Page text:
By Andrew W. Mauso
Recently during one evening while still in office, I received a distress call. A hotelier’s computers, sound systems, amplifiers had been confiscated by people claiming to be from Uganda Performing Rights Society (UPRS).
Apparently, the officials from UPRS served the hotelier with a document titled “copyright music license…Assessment form”.
On the said document, the recipient had to pay sh108,000 (for the bar) and sh108,000 (for the garden) including VAT totalling sh254.000, for allegedly playing unlicensed music at the hotel premises.
Presumably, an infringement from the bar area is different from the one in the gardens of the same premises! When the hotelier ignored paying the assessed sums, another document called a “seizure and distrain Order” was produced and the computers, sound systems and amplifiers were bundled onto a waiting van.
On hearing this, I got a mixture of feelings; sad that without his music systems the hotelier was not going to entertain his guests as effectively; as a copyright lawyer, glad that finally enforcement of copyright was shaping up; and curious as to how the sh254.000 that would have been collected by UPRS would be accounted for.
Under the Copyright and Neighbouring Rights Act 2006, the UPRS is a collecting society on behalf of performing artists in Uganda meaning it is a watchdog against copyright infringement.
Under the same Act UPRS also enforces copyrights of performing artists from other countries in Uganda, as long as they have a reciprocal arrangement to enforce copyrights of Ugandan performing artists in their respective jurisdictions. Reproduction of another’s copyrighted work without permission attracts sanction.
It could expose the infringer to legal suits. The only legal way one can reproduce another’s works is by seeking permission or license and paying royalties.
Individuals called Copyright Inspectors (enforcement officers of UPRS) are mandated to enforce copyright on behalf of the performing artists.
Questions, however, arise when it comes to accountability. In the above scenario for instance, what parameters does the UPRS use to come up with a figure like sh254.000?
If the hotelier decides to pay the “assessed sums” so as to get the music equipment, what does UPRS do with that money? Of course UPRS officials will quickly say they hand over the money to the artists.
Also what if the hotelier learned from his experience and requested for a license to play Sam Smith’s ‘stay with me’ at his hotel, how much would be paid? Would that money be transmitted to the performing rights society of the United Kingdom?
Is there a fool-proof system where UPRS transmits this money to artists? How much royalty does one pay to play one song? If a radio station whose audience is bigger plays the same music, how much do they pay? Why these questions?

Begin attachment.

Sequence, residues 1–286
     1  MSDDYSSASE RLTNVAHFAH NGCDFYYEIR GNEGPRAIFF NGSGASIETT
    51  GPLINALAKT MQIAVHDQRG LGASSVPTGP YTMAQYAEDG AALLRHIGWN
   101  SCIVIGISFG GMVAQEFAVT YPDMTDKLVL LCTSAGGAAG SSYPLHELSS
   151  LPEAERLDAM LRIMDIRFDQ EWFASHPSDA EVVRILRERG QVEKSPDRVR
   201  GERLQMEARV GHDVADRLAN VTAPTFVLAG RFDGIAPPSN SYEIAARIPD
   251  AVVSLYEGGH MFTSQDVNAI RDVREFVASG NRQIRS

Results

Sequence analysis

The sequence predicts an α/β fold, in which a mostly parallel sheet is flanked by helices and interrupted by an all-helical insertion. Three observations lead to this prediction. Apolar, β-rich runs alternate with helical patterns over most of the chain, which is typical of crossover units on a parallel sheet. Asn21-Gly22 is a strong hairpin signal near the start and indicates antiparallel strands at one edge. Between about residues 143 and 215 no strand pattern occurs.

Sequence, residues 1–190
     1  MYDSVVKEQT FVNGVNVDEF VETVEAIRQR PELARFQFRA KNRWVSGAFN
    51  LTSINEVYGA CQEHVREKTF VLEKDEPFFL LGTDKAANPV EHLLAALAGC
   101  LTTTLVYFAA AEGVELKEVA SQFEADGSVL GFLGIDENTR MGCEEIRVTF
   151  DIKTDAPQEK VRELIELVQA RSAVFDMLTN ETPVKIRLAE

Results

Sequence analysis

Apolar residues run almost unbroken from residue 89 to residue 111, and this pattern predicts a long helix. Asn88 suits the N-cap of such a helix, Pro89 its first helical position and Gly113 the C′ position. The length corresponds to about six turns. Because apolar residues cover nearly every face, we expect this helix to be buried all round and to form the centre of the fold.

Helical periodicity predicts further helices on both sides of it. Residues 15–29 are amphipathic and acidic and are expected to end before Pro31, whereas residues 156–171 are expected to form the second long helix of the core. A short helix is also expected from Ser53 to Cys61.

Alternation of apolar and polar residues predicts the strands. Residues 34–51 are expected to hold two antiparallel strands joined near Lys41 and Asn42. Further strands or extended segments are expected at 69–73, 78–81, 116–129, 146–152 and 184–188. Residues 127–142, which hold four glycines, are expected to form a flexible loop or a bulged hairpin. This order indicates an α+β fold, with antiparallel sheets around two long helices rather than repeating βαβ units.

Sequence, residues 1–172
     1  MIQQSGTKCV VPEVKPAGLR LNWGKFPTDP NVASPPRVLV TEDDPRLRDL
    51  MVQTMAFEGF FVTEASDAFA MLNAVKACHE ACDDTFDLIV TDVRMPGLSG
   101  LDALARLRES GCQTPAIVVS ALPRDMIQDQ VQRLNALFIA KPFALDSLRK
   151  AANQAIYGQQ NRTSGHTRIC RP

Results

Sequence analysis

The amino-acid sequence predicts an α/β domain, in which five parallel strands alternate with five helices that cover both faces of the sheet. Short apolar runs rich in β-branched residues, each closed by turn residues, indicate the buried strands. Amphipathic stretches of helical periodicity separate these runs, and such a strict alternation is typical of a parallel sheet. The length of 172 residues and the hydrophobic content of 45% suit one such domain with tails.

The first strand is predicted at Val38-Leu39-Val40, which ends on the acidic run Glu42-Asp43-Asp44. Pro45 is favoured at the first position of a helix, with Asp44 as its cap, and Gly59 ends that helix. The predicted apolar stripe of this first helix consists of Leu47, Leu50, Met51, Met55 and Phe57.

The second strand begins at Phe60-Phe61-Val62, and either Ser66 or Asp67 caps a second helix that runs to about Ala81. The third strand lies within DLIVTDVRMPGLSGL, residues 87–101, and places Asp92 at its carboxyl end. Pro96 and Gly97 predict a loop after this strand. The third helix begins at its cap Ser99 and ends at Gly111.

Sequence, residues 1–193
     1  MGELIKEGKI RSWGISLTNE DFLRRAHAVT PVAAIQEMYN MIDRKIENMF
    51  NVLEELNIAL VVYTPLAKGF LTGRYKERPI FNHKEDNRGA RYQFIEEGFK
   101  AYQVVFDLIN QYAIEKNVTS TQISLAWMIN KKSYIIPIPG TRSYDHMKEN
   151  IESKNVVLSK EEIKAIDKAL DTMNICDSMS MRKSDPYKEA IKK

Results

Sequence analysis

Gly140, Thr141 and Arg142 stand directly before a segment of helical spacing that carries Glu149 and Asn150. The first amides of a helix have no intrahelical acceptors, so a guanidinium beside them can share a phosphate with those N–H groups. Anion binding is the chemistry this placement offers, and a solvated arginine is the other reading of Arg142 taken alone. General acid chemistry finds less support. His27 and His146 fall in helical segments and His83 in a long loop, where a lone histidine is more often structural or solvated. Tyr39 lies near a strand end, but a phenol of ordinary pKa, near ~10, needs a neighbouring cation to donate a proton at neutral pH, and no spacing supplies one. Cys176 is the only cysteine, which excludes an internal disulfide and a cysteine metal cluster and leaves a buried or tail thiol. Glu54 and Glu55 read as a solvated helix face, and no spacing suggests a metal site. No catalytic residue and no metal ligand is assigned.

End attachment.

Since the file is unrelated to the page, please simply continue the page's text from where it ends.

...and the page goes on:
As a copyright lawyer I represent performing artists. None of them have ever received a penny from UPRS yet the media is awash with news of the latter confiscating infringing material and collecting “fines” on behalf of performing artists.
I also interact with radio stations owners and owners of public places like hotels and bars (the biggest targets of UPRS) and they claim that ‘whenever copyright inspectors get broke’ they go on a prowl to confiscate their equipment! Where then is the accountability?
As it is the UPRS is only accountable to itself. It has the discretion to hand over whatever it feels like to the artists, if it does. Be that as it may, under what law is this money collected? For the record the copyright laws of Uganda do not clothe the UPRS with any authority to charge fines like they purport to do!
Lastly, how many Ugandans let alone artists know about UPRS? How many sensitizations have they conducted to educate Ugandans on copyright law?
How many people know that it is wrong to play copyrighted music in public without a license from the copyright owners? UPRS should not rush to enforce copyright without first sensitizing the public on the existence and advantages of complying with copyright laws.
To do otherwise would be ‘to mount the bicycle from the horns’, like a law professor at school once said. The music and entertainment industry has a lot of potential both for the artists and Uganda as whole. It should therefore not be handled casually.
Performing artists elsewhere eke their living solely on their art and are multimillionaires. An example close to home is Nigeria’s Nollywood that produces more films a year than any other country except India.
In 2006, when the last comprehensive data was collected by UNESCO, Bollywood released 1,091 major feature films, Nollywood 872, and their namesake, America’s Hollywood, trailed with 485.
Motion pictures, sound recording and music production constitute 1.4% of the country’s £307bn GDP, according to figures from the Nigeria Bureau of Statistics.
The powers that be at UPRS should therefore appreciate that they have an immense obligation on their hands and are sitting on a nascent but highly profitable industry.
Getting preoccupied with seemingly extortionist tendencies is failing to focus on the bigger picture.
The writer is a copyright lawyer.
To earn legitimacy, Uganda performing rights soceity should be accountable